A few years ago, I followed a lot of library blogs and twitterz related to libraries. I got a lot out of them and they helped me grow a lot as a librarian. They were pretty much my only source of inspiration for libraries. It was a great source for inspiration, but I just love to grow and think about things differently.  I wanted to approach libraries in a different way. I knew that only following library stuff wouldn’t take me there.

I started thinking about the things that I enjoy in life. I enjoy music quite a bit. That part was easy….focus on the music that you enjoy and you will be inspired. I also enjoy people that are passionate about what they enjoy. That’s a little bit trickier. You can’t easily find a podcast on people who are passionate about what they enjoy. You have to dig for this.

I’ll start with music….

The-Beach-Boys-–-SmileI talk a lot about the Beach Boys and specifically Brian Wilson quite a bit. The label “genius” has been tossed around a lot with Brian Wilson. Sure, he’s a genius in some ways but what I really dig about him is that he is a guy who just really follows his passions and inspiration. This is a beautiful thing.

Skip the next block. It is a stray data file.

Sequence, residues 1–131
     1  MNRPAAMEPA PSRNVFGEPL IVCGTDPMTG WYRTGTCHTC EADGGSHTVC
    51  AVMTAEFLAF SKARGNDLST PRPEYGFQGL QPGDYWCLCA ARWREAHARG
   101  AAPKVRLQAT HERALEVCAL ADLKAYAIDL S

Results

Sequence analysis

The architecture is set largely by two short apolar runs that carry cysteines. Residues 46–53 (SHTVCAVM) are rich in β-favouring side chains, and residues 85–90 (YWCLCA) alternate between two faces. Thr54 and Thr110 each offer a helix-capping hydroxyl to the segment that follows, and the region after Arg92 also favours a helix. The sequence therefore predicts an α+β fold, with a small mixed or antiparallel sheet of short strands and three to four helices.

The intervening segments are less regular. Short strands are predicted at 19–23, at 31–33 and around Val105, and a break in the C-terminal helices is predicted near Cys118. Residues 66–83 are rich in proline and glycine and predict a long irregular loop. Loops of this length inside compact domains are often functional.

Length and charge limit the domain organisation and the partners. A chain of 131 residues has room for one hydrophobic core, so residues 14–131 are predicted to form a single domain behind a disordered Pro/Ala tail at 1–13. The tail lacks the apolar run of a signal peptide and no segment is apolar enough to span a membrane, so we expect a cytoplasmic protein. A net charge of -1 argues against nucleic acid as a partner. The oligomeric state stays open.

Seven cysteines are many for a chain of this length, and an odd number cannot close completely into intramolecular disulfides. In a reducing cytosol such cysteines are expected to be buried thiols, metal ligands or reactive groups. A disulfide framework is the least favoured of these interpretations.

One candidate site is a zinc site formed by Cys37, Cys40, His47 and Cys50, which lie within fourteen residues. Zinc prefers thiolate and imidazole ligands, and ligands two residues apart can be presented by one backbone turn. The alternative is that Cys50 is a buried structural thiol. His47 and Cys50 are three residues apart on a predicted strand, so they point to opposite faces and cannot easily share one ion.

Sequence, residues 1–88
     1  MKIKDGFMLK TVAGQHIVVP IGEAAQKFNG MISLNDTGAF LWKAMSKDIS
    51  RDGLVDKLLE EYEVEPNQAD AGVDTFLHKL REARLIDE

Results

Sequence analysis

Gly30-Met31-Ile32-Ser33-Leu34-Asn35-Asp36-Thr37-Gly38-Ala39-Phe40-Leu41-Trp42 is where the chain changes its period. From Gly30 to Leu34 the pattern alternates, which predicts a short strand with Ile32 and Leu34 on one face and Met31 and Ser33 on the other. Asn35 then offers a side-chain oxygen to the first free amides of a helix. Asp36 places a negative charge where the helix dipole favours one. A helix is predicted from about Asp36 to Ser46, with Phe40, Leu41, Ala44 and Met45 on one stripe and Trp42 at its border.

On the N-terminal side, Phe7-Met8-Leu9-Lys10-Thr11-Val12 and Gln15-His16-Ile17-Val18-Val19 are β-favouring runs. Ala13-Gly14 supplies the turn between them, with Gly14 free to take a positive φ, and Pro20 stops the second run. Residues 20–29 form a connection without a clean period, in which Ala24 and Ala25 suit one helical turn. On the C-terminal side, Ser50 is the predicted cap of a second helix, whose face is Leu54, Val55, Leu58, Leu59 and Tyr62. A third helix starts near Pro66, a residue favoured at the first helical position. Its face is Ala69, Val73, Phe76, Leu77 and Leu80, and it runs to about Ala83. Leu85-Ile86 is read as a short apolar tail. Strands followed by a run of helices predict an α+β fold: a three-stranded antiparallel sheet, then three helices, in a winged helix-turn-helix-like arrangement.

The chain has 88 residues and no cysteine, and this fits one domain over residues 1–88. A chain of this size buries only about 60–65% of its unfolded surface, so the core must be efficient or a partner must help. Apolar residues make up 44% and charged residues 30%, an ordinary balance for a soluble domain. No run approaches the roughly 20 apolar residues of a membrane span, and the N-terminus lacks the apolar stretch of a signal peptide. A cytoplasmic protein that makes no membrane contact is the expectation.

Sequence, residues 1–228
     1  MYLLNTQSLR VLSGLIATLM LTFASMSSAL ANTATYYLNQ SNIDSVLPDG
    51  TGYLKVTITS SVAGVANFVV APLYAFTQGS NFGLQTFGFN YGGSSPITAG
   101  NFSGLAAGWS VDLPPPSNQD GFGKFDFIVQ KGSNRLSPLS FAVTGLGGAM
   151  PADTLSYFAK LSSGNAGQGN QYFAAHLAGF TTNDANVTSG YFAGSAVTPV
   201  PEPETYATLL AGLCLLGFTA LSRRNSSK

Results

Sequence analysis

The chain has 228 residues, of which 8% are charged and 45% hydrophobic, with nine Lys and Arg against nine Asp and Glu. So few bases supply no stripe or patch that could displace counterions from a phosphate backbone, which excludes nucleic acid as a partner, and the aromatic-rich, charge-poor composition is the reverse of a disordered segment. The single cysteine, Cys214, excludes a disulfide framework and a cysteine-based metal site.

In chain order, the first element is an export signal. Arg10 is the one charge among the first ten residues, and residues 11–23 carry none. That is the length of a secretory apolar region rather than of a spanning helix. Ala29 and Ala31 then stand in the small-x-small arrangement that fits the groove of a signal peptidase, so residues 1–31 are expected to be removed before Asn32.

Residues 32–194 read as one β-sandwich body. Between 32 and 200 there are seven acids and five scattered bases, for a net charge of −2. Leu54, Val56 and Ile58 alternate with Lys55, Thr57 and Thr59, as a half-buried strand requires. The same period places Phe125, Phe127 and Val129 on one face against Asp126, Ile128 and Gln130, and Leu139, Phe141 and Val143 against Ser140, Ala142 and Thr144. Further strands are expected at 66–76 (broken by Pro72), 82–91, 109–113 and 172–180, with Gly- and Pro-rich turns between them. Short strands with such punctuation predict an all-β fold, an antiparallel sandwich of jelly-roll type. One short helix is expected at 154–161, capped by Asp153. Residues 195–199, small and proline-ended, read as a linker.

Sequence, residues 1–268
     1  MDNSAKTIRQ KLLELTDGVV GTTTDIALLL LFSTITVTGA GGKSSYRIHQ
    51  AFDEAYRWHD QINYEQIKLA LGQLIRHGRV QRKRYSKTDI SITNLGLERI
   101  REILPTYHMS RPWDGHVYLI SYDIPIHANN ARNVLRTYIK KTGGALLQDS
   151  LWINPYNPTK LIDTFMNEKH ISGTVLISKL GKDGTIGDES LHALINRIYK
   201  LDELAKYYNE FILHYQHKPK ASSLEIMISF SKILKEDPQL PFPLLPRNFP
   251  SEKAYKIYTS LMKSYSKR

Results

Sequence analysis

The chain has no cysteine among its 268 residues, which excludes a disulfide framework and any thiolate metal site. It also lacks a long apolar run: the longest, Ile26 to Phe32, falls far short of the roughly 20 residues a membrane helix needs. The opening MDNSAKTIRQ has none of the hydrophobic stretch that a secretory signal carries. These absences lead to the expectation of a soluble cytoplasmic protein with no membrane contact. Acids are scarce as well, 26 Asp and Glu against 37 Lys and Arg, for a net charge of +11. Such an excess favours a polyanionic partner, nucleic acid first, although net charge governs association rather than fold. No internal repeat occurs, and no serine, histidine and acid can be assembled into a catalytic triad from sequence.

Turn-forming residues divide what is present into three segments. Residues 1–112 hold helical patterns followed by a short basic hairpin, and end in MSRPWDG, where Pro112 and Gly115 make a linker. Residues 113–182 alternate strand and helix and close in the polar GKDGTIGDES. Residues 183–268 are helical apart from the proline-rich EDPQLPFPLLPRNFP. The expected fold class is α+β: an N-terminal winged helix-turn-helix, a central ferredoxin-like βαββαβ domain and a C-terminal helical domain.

His 1966 album SMiLE is the perfect example of this. Brian attempted to create something new and unique in the music world. He wanted to create a beautiful piece of art, a “teenage symphony to God.” That’s no easy task. Many will say that SMiLE was never fully finished by Brian (read up on the history, I recommend this book) and even if it really wasn’t fully finished, he got pretty darn close. Heck, I listen to it and all that I hear is a beautiful piece of art that sounds finished to me.

Brian-Wilson-en-el-estudioBrian composed and recording SMiLE in sections. He’d have about 1 minute of music here, 30 seconds of music there, and another little 15 second link track to connect the two. He didn’t really fully understand how the parts would fit when he was recording them. Instead, he knew that they’d fit somehow in the great grand scheme of things.  He was right. If you can get your hands on the little bits and pieces of SMiLE in an unedited form and put it on shuffle, it works.